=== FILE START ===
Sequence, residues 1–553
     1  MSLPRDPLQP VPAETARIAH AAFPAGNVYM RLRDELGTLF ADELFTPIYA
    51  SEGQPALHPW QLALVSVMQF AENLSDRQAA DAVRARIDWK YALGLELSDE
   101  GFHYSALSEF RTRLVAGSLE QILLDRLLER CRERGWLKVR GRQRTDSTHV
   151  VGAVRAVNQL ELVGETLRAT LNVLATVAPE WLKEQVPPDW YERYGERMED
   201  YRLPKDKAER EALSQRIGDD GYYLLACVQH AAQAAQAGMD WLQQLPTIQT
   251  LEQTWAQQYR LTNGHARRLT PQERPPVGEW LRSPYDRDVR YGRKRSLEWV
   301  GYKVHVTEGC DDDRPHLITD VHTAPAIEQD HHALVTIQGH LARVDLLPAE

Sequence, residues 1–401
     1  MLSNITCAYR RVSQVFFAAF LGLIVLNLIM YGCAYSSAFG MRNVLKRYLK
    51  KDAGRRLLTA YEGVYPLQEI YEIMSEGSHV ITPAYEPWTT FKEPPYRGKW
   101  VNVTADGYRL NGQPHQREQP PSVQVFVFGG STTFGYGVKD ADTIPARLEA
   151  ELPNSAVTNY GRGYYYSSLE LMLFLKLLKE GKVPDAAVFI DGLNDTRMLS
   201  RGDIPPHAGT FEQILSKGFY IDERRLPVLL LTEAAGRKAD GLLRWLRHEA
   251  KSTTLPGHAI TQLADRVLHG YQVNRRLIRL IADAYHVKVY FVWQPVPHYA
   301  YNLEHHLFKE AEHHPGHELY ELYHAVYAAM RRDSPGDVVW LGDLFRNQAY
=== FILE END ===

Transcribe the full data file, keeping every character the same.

Sequence, residues 1–553
     1  MSLPRDPLQP VPAETARIAH AAFPAGNVYM RLRDELGTLF ADELFTPIYA
    51  SEGQPALHPW QLALVSVMQF AENLSDRQAA DAVRARIDWK YALGLELSDE
   101  GFHYSALSEF RTRLVAGSLE QILLDRLLER CRERGWLKVR GRQRTDSTHV
   151  VGAVRAVNQL ELVGETLRAT LNVLATVAPE WLKEQVPPDW YERYGERMED
   201  YRLPKDKAER EALSQRIGDD GYYLLACVQH AAQAAQAGMD WLQQLPTIQT
   251  LEQTWAQQYR LTNGHARRLT PQERPPVGEW LRSPYDRDVR YGRKRSLEWV
   301  GYKVHVTEGC DDDRPHLITD VHTAPAIEQD HHALVTIQGH LARVDLLPAE

Sequence, residues 1–401
     1  MLSNITCAYR RVSQVFFAAF LGLIVLNLIM YGCAYSSAFG MRNVLKRYLK
    51  KDAGRRLLTA YEGVYPLQEI YEIMSEGSHV ITPAYEPWTT FKEPPYRGKW
   101  VNVTADGYRL NGQPHQREQP PSVQVFVFGG STTFGYGVKD ADTIPARLEA
   151  ELPNSAVTNY GRGYYYSSLE LMLFLKLLKE GKVPDAAVFI DGLNDTRMLS
   201  RGDIPPHAGT FEQILSKGFY IDERRLPVLL LTEAAGRKAD GLLRWLRHEA
   251  KSTTLPGHAI TQLADRVLHG YQVNRRLIRL IADAYHVKVY FVWQPVPHYA
   301  YNLEHHLFKE AEHHPGHELY ELYHAVYAAM RRDSPGDVVW LGDLFRNQAY